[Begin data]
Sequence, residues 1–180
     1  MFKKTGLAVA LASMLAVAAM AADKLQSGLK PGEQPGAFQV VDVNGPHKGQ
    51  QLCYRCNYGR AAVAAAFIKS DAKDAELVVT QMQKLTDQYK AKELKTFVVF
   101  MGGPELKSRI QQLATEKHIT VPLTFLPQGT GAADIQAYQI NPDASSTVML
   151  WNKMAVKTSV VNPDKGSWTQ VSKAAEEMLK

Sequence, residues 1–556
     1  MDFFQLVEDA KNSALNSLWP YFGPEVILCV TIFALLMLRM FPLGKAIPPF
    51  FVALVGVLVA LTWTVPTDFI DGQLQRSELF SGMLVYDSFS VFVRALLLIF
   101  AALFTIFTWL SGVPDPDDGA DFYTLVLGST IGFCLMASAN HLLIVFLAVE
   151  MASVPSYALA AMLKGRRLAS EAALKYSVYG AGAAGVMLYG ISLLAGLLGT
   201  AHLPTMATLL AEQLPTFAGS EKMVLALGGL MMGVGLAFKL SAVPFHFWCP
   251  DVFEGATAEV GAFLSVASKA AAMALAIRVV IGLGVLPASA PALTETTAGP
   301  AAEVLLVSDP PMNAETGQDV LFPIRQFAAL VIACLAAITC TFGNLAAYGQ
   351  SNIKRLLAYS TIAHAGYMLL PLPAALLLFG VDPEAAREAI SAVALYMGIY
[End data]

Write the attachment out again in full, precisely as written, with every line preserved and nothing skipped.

Sequence, residues 1–180
     1  MFKKTGLAVA LASMLAVAAM AADKLQSGLK PGEQPGAFQV VDVNGPHKGQ
    51  QLCYRCNYGR AAVAAAFIKS DAKDAELVVT QMQKLTDQYK AKELKTFVVF
   101  MGGPELKSRI QQLATEKHIT VPLTFLPQGT GAADIQAYQI NPDASSTVML
   151  WNKMAVKTSV VNPDKGSWTQ VSKAAEEMLK

Sequence, residues 1–556
     1  MDFFQLVEDA KNSALNSLWP YFGPEVILCV TIFALLMLRM FPLGKAIPPF
    51  FVALVGVLVA LTWTVPTDFI DGQLQRSELF SGMLVYDSFS VFVRALLLIF
   101  AALFTIFTWL SGVPDPDDGA DFYTLVLGST IGFCLMASAN HLLIVFLAVE
   151  MASVPSYALA AMLKGRRLAS EAALKYSVYG AGAAGVMLYG ISLLAGLLGT
   201  AHLPTMATLL AEQLPTFAGS EKMVLALGGL MMGVGLAFKL SAVPFHFWCP
   251  DVFEGATAEV GAFLSVASKA AAMALAIRVV IGLGVLPASA PALTETTAGP
   301  AAEVLLVSDP PMNAETGQDV LFPIRQFAAL VIACLAAITC TFGNLAAYGQ
   351  SNIKRLLAYS TIAHAGYMLL PLPAALLLFG VDPEAAREAI SAVALYMGIY